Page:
Thomas McKenzie
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King of the Hill, Megachurch, and Profit

King of the Hill--Church!

Outakes of an episode of King of the Hill, in which the Hills have a falling out with their pastor over the color of the pews and are "forced" to look for a new church.

Especially listen for the great lines:
Hank "what's it (the megachurch) got, 5000 some-odd members?"
Peggy "and it pampers all of them . . ."

Ohh, that hurts so good.

On a related note, I was actually in a real live megachurch just yesterday. While I was there, I happened upon a very, very slick brochure for something they call the "Equipping Center." I would call it a mid-week program, with topical classes like four weeks on the doctrine of the Trinity and three weeks on raising boys. Great, fine, normal.

But here was the weird part. They charge money for the classes. $15 a person, or $20 a couple, for a five week class. Some were more expensive, but apparently came with a book. The brochure says "a registration fee is usually required to help offset costs."

I personally know that paying for thing raises the value of it in a person's mind. So, I can imagine saying "a registration fee is usually required to help increase the value of this in your mind so you will show up and pay attention." But "offset costs"? What costs? The slick brochure? Are they paying the teachers? A/C and lights? Those things cost money, certainly. But, I thought that's what "tithes and offerings" are for.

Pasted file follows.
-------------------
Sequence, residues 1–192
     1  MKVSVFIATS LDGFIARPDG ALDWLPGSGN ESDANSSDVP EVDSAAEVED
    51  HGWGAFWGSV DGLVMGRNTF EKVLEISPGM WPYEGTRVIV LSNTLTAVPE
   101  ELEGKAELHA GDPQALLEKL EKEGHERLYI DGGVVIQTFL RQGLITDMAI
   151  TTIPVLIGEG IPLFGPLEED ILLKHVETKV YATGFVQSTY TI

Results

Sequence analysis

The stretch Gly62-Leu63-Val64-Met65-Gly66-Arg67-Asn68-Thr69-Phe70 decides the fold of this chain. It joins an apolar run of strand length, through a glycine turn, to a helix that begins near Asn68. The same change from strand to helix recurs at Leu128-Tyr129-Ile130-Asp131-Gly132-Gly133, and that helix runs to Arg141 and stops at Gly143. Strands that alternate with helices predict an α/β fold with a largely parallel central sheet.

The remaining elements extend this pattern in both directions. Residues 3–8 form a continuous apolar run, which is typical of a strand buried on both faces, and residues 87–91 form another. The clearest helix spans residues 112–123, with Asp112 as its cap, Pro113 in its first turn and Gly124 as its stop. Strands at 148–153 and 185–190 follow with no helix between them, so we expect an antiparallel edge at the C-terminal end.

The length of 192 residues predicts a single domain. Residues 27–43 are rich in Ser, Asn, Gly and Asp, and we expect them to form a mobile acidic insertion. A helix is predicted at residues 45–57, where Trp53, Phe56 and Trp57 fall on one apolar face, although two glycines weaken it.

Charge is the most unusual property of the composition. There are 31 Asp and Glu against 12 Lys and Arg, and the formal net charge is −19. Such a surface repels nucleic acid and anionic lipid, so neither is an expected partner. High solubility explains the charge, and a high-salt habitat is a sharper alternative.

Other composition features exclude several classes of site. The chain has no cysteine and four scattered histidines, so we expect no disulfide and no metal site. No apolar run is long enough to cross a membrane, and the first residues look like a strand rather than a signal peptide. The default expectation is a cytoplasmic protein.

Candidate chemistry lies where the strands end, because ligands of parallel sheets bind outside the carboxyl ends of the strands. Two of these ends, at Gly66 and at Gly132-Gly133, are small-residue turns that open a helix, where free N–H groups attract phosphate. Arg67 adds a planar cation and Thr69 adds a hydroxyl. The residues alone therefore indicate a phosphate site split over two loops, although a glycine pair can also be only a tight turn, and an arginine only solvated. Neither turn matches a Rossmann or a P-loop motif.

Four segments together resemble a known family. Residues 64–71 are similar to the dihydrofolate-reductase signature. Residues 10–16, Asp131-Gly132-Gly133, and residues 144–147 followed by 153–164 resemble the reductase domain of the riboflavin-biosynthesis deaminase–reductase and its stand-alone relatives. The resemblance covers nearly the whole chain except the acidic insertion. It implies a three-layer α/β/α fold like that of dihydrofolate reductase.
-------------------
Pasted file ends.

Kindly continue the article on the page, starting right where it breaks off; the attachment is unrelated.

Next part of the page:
Just a few days ago my wife and I were talking and I had an idea. "How about developing a for-profit church" I said. Yes, it is a theologically sick idea. However, what about it? What about a church where people don't make offerings, but rather are charged fees? Fees for this class, fees for childcare, etc? And they could join like a country club, with a joining fee and dues? And, that way, there would be less doubt about church income. And the church could pay for the best facility, hire the best staff. No volunteers perhaps, just paid people doing their job with excellence.

Of course, both of us realized how sick that is. That turns the Church from a family into a business. That makes the Gospel a commodity. Ultimately, its pagan (what we call "syncretism"). Just as pagan as sacrificing a chicken on the altar of some Catholic church in Mexico.

But, there it was. A church charging for services that I would consider part of its ministry. Sure, that is somewhat minor, and perhaps I'm just splitting hairs. But it reminds me of a bit of the Bible (Isaiah 55:1-2):

God said
Come, all you who are thirsty,
come to the waters;
and you who have no money,
come, buy and eat!
Come, buy wine and milk
without money and without cost.
Why spend money on what is not bread,
and your labor on what does not satisfy?
Listen, listen to me, and eat what is good,
and your soul will delight in the richest of fare.

It seems to me that the church collects tithes and offerings precisely so we can offer everything we do--word and sacraments--for free to all who would come. Yes, there are costs. I have a salary, as do many other church workers. We have bills to pay. But, if you want what we have, you don't have to pay a penny. Just come and get it.

That's been the way of the Church for 2000 years, as far as I know. Indulgences and relics were sold, and sometimes the Communion Sacrament itself was sold. But those were heretical, horrible abuses.

Makes me wonder....

Church, FunThomas McKenzie